The other thing that's tricky about this particular organization is championing and helping innovation come from different parts of the organization, especially when people lock onto their individual “this is what I want to do” role. I feel like we've made great progress in that area, but it’s always a challenge in an organization like ours.
One of the other things that's challenging about an organization like FamilySearch is because we don't take a competitive position with really anybody. Well, sure we'll take a competitive position with evil, or something moral, but we don't take a competitive position with other companies. So often in a corporate environment, that competition creates urgency, but at FamilySearch we have to be motivated by not just competitive urgency, because that's not the key motivator, we really want to be motivated by how quickly the work needs to happen, where are the opportunities. We have to be opportunity motivated, not competition motived. That's a different motivational factor.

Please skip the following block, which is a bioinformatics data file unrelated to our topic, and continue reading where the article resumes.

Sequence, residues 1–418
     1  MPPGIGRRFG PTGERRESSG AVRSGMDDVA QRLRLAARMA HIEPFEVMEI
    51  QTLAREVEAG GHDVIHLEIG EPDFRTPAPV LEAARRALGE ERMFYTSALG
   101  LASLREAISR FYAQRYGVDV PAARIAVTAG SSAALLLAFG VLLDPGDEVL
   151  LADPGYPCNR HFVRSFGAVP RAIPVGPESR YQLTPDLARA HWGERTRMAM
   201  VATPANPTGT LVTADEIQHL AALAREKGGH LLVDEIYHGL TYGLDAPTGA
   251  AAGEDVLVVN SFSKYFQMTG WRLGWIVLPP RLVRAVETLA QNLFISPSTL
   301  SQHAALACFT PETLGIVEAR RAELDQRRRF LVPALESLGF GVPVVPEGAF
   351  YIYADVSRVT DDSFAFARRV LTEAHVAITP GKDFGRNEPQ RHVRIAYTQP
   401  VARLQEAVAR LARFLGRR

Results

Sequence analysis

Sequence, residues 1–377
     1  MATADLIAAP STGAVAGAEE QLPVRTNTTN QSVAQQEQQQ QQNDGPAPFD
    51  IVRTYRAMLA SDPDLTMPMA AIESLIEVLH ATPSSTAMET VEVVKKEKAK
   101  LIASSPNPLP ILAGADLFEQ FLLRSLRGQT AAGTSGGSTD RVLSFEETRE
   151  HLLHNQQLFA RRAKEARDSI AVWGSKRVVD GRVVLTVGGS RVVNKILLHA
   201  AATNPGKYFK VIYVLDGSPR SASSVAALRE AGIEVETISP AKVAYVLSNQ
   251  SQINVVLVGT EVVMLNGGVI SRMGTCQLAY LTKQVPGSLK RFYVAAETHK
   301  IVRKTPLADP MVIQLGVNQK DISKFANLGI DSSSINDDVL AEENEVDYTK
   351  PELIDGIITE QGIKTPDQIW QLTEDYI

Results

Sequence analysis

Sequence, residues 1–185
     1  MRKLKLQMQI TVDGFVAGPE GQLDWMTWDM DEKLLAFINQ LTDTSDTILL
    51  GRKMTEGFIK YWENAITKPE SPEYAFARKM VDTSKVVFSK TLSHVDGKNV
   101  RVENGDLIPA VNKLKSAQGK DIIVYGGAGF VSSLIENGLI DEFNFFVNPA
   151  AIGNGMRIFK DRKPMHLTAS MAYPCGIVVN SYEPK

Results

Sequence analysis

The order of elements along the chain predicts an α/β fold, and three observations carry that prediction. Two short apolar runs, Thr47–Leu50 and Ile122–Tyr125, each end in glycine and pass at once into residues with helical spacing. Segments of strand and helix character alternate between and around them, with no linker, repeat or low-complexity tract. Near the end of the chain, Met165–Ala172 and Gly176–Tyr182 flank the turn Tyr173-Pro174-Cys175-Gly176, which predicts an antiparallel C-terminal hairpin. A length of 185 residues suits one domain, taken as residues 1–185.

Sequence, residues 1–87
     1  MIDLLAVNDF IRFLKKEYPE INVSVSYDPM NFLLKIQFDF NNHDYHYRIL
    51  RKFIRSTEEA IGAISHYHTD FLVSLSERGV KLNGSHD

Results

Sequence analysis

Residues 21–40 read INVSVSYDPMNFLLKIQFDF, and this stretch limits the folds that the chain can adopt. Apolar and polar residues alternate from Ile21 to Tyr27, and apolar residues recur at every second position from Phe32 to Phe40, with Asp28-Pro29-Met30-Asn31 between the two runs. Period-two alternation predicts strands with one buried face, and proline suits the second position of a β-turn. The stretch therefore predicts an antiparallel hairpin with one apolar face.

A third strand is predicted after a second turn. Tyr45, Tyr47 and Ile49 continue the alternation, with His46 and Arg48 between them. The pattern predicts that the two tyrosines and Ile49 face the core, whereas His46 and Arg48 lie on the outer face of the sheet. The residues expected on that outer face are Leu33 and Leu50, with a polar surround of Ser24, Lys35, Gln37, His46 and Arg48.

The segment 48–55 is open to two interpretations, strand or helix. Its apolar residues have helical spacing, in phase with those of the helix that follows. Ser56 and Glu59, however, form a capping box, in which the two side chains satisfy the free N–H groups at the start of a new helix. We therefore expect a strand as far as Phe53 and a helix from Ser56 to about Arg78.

Insider: How would you describe your leadership style?
Dennis: I think I may have mentioned before that I can't do the job of anybody. And if I can't do it then what I need is to empower them to do it and then stay out of their way. I think my leadership style is really to empower people. Now you can't empower them unless you've made it very clear why you exist. You have to be very, very clear that this is our mission; this is what we're trying to accomplish. Once people understand your goal and what you're trying to accomplish, most people, if you leave them alone, they'll get there. I can't write code, I'm not a licensed genealogist, but we have a lot of people that do and are. I think I make sure that they understand exactly why we exist and then I stay out of their way.
Jay: Probably the thing I would say the most about my leadership style is that it's variable. It's variable depending on the task at hand, what I think needs to happen, the organization, and the people. And I think that it's important to be variable.